I’m a big fan of Atul Gawande’s work, easily the best I’ve read by a medical doctor. His style is effortless, and he manages to find the right balance of technical and non-technical. Being Mortal feels like his most personal work, and I loved it.
While his first three books mostly covered his own experiences through surgical residency and practice, his latest explores a topic he admits up front to knowing very little about. He mentions right away that his medical training included almost nothing about care for the aging, but before long, it’s clear that our entire medical system really doesn’t know what to do with people who are getting older and slowly breaking down.
He is, as most doctors are, most concerned with curing his patients. Find out what’s wrong, go in and fix it, send them on their way. If they come back, then lather, rinse, repeat. They don’t think much about how a particular course of treatment affects their patients’ quality of life. Their job is focused on improving length of life, and in this day and age, the two objectives are often at odds.
Gawande walks us through some specific cases, both professional and personal, and this is what I found most powerful. He writes of his wife’s grandmother, his own grandfather, and finally, his own father as they approach the end of their lives. It’s not light reading, but it was thought-provoking. The key that he discovered was having difficult conversations before it’s too late, both with his own patients and with his loved ones, and it boiled down to two opening questions: What matters most to you? and What scares you?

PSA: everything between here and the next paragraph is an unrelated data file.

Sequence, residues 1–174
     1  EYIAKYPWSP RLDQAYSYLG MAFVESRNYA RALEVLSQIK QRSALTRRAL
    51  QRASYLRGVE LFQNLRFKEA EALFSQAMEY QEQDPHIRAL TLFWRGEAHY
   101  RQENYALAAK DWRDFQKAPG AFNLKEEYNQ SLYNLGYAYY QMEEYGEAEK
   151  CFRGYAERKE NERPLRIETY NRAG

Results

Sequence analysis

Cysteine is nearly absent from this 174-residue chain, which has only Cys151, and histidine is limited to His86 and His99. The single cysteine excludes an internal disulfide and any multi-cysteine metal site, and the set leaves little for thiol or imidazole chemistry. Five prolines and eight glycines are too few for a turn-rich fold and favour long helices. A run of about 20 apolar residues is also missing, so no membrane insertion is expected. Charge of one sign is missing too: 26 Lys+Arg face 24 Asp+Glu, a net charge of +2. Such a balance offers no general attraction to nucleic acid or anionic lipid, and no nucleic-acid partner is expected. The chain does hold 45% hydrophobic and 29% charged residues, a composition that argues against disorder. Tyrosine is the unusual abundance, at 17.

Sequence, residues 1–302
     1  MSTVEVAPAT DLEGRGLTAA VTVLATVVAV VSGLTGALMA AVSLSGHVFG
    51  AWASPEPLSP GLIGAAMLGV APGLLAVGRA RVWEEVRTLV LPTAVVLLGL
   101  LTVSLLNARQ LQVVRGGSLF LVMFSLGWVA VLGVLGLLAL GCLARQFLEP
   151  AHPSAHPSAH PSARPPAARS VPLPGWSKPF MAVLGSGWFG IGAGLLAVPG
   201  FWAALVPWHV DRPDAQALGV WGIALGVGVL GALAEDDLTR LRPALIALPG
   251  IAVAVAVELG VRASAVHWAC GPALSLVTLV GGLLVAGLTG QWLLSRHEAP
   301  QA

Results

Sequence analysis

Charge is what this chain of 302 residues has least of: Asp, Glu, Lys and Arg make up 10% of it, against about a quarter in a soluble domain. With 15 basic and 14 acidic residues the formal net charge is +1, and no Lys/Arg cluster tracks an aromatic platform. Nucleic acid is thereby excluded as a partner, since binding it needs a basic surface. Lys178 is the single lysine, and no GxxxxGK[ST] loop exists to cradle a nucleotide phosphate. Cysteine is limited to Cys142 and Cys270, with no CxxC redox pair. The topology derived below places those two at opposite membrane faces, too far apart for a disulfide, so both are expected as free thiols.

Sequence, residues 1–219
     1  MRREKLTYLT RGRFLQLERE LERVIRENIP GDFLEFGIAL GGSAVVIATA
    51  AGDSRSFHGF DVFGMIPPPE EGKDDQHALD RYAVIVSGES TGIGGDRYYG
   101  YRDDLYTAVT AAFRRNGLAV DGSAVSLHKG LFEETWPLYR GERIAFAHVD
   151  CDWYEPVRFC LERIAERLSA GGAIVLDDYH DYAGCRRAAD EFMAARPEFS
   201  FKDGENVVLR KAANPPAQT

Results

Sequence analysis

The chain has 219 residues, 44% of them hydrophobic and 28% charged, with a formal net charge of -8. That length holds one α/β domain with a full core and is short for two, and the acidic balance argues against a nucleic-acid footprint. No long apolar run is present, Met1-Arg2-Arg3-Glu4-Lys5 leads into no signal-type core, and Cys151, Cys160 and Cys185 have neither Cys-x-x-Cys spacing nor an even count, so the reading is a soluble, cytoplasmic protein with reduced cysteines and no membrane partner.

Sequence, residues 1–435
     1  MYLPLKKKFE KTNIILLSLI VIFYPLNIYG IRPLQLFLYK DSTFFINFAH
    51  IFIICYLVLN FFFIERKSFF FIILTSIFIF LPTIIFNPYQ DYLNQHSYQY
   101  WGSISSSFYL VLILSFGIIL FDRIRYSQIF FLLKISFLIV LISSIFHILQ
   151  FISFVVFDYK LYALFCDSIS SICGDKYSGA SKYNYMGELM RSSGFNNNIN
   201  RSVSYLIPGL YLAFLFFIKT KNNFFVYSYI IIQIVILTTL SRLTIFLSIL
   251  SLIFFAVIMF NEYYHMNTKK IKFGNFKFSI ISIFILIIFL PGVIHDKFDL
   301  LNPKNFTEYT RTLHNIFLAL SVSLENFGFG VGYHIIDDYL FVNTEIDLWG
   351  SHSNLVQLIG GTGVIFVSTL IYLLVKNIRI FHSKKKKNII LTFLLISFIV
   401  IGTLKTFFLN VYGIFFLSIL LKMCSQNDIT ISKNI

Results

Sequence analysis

More and more research points to people living longer on average when their quality of life is better vs. taking on too much aggressive treatment. And even for those who aren’t acutely ill but in long-term care settings because they can no longer take care of themselves, it’s just as important to have the things that matter, even the seemingly small things like being able to lock one’s own door or go to the kitchen in the middle of the night to get a snack.
My uncle died last summer after a near three-year battle against leukemia, which, btw, #FUCKCANCER. His last years were excruciating, and he often expressed regrets that he had gone ahead with the treatments. Hindsight is just the worst, isn’t it? How do you know when to act against every survival instinct, to accept your own mortality and try to make the best of your remaining time? Everybody wants to beat the odds. Few ever do for long, and in the end, death always wins. I hope that I can do something for my older family members and for myself when those inevitable times come. I hope I have the stones to have those difficult conversations.